The "research" you cited is from an incredibly flawed and inaccurate study that has is highly debated and completely contradicts lots of earlier studies, one published in the British Journal Of Medicine as recently as 2005 to name one. So you pick your "studies" to suit your argument and I'll pick mine. They are all moot, really.

 

The point is, and the KEY words in your reply were: (bolded mine)

 

Quote:
 Why is it peachy keen for a woman to evaluate her situation with a midwife and choose home birth

 

Evaluate. Choose. Two things that aren't being accomplished when someone says they allow their OB to choose for them, the point of this thread.

 

If someone told me they allowed their midwife to "make that decision for them" no matter what it was, it would be met by the same level of annoyance, from me anyway.

 

I am always miffed when a person (especially a woman, since I am one) completely removes herself from the equation in a decision that directly effects her health or well-being.


Christ-centered loving wife & mama to 2 unschooled miracles! One & one . We live simply and mindfully. Expecting another blessing Feb 2015 Praying for another
Tumble Bumbles is offline  
#90 of 115 Old 02-03-2011, 06:56 PM
Banned
 
stik's Avatar
 
Join Date: Dec 2003
Posts: 1,860
Mentioned: 0 Post(s)
Tagged: 0 Thread(s)
Quoted: 0 Post(s)

You make a good point.  There's a lot of research on obstetrics out there, much of it contradicted by other research.  It can be confusing.  You really can't blame an over-whelmed anxious mom for doing whatever her doctor says usually works out OK.  What else can she turn to?  A good birth experience is all about having a trusting relationship with a supportive care provider, and at least the mom in the OP has that.  I wish her all the best.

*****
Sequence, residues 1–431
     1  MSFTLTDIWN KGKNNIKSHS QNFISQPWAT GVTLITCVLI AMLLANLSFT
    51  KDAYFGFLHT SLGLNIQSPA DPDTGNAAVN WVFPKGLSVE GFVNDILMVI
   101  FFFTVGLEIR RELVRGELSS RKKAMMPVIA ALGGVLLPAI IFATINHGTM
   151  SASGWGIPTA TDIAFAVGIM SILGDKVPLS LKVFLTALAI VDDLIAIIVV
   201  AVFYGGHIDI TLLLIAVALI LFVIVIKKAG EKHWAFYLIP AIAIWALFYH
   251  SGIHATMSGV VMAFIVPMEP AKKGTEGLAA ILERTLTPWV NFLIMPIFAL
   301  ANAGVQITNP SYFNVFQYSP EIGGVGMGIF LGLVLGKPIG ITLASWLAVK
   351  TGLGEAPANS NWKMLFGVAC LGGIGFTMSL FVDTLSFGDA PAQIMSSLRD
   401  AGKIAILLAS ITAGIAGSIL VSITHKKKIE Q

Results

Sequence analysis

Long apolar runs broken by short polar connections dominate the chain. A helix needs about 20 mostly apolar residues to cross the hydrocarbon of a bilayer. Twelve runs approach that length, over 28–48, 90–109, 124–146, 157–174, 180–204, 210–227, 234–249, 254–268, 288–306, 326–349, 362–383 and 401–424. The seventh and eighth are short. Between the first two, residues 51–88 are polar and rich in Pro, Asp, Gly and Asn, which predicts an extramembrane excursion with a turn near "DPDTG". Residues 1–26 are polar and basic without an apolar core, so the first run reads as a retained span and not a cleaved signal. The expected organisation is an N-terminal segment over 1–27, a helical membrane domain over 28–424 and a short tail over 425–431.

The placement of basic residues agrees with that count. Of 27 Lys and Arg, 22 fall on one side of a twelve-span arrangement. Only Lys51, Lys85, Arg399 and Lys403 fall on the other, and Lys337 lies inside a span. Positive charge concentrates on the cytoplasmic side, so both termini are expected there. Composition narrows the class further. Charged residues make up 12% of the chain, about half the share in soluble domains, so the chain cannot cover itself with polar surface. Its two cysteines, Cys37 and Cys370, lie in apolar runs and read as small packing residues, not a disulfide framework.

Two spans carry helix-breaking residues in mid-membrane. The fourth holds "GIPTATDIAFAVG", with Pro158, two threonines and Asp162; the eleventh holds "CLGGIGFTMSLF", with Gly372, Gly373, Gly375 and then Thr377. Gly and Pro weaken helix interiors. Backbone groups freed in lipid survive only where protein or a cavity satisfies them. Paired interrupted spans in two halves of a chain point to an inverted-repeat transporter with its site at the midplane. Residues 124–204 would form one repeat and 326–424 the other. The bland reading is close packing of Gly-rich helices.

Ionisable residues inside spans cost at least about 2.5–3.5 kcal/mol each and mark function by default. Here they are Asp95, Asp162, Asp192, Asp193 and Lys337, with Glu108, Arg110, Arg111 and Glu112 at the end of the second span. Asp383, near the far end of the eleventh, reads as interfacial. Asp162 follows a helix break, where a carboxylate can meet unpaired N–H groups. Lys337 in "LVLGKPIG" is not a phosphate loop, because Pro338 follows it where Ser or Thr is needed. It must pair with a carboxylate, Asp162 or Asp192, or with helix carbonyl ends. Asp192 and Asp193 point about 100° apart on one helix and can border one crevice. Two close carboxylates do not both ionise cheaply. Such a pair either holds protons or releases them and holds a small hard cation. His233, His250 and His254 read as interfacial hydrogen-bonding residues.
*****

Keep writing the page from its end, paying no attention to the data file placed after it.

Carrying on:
The other key point that I'm trying to make is that most women consider information about their health care decisions to be very private.  I don't know what actually took place between the woman in the OP and her doctor in the privacy of the doctor's office.  Despite what the woman said, the OP doesn't know either.  

 

Regardless of the language a woman uses to end a conversation about her very private decisions, she did, in fact, make a choice.  Even allowing a doctor to choose for her is making a choice.  But IMO, what a woman is really saying when she says that she trusts her doctor to choose for her is, "this is very private, and I'm not going to discuss it with you." 

swede likes this.
stik is offline  
Reply

User Tag List

Thread Tools
Show Printable Version Show Printable Version
Email this Page Email this Page


Forum Jump: 

Posting Rules  
You may not post new threads
You may not post replies
You may not post attachments
You may not edit your posts

BB code is On
Smilies are On
[IMG] code is On
HTML code is Off
Trackbacks are On
Pingbacks are On
Refbacks are Off